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Title: Haptic augmentation of the cursor : transforming virtual actions into physical actions
Author: Oakley, Ian
ISNI:       0000 0001 3454 686X
Awarding Body: University of Glasgow
Current Institution: University of Glasgow
Date of Award: 2003
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This thesis demonstrates, through the exploration of two very different examples, the general claim that haptic feedback relating to a user's representation in a computer system (typically a cursor) can lead to increases in objective performance and subjective experience. Design guidelines covering each of these two topics are also presented, to ensure that the research described here can be readily adopted by other researchers, designers and system developers. The first topic to be investigated was desktop user interfaces. This thesis describes the design of a variety of different forms of haptic feedback for use with number of different Graphical User Interface (GUI) widgets, or widget groups. Two empirical evaluations of these designs are also described in some depth. The results of these studies indicate that although haptic feedback can provide improvements in objective performance, it can also reduce performance and increase subjective workload if inappropriately applied. From these results, and from the previous literature, detailed guidelines were drawn up covering the addition of haptic feedback to GUIs. The goal of these guidelines is to support the creation of performance-enhancing haptic feedback. The second topic examined was communication in interactive collaborative systems. The design of a suite of haptic communication is presented in detail, before two studies investigating different aspects of its use. The first study focuses on the subjective influence of the haptic communication as a whole, while the second is a more thorough look at one particular form of the feedback and includes objective measurements. The combined results of these studies indicate that haptic feedback has a valuable potential for increasing the quality of a user's subjective experience. Observations from these studies also reveal insights into the role of haptic feedback in communication. A set of guidelines summing up this research and the previous literature relevant to this topic are then presented. As research on this domain is in its infancy, the goal of these guidelines is to concisely present the main issues and potential benefits that respectively restrict and drive this work.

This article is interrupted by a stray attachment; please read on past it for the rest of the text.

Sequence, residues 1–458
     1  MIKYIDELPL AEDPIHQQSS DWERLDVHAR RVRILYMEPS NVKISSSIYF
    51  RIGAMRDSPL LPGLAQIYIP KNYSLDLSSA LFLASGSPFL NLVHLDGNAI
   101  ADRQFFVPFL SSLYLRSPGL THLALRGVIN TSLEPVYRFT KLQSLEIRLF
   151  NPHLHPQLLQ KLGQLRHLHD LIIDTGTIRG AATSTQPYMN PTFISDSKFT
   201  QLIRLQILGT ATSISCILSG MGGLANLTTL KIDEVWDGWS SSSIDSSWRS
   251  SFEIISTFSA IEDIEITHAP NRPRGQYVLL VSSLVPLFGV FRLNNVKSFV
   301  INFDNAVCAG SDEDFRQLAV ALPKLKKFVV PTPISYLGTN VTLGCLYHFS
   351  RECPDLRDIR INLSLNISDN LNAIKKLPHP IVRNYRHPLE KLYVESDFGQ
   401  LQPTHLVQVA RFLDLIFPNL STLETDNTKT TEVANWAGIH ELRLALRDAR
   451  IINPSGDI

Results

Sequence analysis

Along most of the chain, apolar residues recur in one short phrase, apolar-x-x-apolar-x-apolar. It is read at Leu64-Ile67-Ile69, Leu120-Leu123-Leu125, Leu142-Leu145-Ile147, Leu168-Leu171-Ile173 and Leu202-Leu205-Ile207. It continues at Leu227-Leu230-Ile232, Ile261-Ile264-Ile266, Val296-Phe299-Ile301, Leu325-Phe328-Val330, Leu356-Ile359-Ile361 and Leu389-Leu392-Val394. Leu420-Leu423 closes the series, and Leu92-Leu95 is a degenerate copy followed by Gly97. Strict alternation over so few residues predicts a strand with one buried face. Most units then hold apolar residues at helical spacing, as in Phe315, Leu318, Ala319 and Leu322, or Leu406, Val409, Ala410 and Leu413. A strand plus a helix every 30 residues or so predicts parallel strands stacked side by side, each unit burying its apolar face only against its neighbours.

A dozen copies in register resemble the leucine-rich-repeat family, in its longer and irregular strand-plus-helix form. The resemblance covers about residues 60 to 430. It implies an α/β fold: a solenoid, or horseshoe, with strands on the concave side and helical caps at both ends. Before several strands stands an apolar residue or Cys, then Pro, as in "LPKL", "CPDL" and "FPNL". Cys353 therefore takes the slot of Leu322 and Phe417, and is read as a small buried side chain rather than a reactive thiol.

Supervisor: Not available Sponsor: Not available
Qualification Name: Thesis (Ph.D.) Qualification Level: Doctoral
EThOS ID:  DOI: Not available
Keywords: QA75 Electronic computers. Computer science